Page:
Bodies of Work /


Capital, execution site, formerly The Terrace Gaol, The Terrace, Te Aro, Wellington, 2010. Digital C-type photograph, 1650 × 850 mm.


The image depicts the approximate space where executions occured in Wellington in the 19th and 20th centuries. The image, printed in reverse (a mirror image), reactivates the public memory of Wellington and re-scripts the moral and ethical narratives that we take for granted in/about our city. This work provides a context for the reevaluation of city space, its social and juridical uses. Now close of the recreational and educational areas of Victoria University and Te Aro School the site around which the executions occured reflects Walter Benjamin’s famous statement that ‘every site is the scene of a crime’, in this case acts of great violence. This artwork raises complex questions regarding the relationships between land use, history, trauma, ethics and crime as they circulate in relation to Wellington City. Crucially, these apsects of our city’s history are largely unknown and complicate the narratives of urban pride and positivity that are at large in our city culture. Arguing for a city more cognisant of its chequered past and one that remembers its failures, this work attempts to activate discourse via the potential of photography’s testimonial ability. My ongoing research investigates how events are displaced in the landscape, what that means and how an examination of these events can affect contemporary knowledge. I am interested in these histories not as a nostalgic look back to the past nor as a ghoulish infatuation with it, but as a way to critically negotiate the meta discourses that are at work in the mechanisms of these events. My images ask what is remembered, what is recorded and reiterated – “If memory is re­flection then Shelton’s images are about the anxiety of what is able to be really known and kept.”1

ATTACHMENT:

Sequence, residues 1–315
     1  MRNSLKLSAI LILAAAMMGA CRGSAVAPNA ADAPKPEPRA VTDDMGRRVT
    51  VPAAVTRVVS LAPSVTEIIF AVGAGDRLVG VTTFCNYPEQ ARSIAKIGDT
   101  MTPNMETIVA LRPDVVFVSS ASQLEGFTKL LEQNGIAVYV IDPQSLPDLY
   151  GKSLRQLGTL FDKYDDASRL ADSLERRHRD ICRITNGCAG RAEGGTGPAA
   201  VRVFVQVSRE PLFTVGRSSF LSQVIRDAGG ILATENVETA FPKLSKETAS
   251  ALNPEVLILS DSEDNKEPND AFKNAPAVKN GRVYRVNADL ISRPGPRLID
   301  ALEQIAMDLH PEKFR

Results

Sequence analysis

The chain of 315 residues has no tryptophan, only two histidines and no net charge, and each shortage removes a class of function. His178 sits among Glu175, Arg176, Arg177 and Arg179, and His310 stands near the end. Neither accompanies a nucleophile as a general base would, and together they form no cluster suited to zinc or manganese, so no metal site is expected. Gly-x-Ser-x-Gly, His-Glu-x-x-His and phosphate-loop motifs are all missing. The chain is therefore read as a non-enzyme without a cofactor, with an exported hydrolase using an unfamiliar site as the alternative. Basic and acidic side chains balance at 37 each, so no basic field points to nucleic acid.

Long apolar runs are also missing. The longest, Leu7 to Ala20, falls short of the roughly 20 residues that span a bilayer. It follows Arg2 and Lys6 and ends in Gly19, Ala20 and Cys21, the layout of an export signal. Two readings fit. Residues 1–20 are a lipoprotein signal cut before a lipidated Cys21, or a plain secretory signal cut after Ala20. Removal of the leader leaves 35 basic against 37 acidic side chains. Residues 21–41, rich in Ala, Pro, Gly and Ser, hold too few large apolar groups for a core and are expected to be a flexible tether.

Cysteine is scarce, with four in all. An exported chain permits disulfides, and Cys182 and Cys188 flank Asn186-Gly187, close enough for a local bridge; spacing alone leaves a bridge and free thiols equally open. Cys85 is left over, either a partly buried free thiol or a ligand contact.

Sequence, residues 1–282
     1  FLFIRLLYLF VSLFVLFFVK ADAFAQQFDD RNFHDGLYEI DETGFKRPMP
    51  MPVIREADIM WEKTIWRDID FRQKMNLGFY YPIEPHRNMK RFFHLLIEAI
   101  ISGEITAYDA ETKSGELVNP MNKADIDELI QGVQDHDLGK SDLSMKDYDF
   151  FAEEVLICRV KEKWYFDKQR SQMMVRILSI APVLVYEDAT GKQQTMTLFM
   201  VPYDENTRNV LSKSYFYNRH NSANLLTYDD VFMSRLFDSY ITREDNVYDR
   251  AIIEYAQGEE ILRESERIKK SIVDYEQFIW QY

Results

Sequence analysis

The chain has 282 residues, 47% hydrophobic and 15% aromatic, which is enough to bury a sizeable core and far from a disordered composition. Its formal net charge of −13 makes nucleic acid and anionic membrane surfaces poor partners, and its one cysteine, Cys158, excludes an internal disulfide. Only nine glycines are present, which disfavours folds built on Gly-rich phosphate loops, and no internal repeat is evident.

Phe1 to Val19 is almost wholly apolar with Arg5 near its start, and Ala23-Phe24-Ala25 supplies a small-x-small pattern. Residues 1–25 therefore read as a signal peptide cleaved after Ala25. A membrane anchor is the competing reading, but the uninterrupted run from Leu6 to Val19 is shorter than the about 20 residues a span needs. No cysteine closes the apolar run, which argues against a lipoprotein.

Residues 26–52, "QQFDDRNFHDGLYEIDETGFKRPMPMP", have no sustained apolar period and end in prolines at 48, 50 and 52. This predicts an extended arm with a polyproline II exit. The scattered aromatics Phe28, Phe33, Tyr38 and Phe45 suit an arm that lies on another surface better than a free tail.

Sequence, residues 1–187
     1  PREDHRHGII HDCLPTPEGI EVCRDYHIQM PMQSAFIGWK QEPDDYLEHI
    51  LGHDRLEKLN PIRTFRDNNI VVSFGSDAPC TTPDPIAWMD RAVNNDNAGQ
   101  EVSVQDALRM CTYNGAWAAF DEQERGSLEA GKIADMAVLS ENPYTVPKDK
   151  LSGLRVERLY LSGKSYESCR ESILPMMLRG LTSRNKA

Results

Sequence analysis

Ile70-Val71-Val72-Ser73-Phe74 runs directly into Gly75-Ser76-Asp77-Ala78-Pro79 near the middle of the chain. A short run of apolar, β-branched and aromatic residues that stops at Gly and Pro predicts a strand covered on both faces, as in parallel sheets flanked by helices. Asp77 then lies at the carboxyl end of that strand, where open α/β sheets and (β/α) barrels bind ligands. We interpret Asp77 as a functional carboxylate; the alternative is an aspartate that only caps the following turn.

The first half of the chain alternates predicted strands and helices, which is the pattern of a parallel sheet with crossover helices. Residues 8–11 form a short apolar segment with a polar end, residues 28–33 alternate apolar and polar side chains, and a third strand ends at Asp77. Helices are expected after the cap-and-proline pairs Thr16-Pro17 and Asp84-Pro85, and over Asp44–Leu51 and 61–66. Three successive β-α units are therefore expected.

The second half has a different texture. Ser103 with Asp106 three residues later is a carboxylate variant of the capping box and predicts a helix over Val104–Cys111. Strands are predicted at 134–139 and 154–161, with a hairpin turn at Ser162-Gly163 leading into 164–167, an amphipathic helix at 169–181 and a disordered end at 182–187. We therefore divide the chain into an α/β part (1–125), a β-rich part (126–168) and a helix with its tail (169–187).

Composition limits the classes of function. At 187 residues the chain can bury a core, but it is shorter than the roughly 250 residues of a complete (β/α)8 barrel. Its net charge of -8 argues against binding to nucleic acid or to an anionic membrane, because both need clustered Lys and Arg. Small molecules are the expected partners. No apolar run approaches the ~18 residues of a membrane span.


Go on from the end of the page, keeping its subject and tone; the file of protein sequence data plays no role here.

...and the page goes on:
1. Word reaches Us From The Distance, Huddleston, Charlotte, a kind of sleep, the Govett-Brewster Art Gallery. 2006 p.26.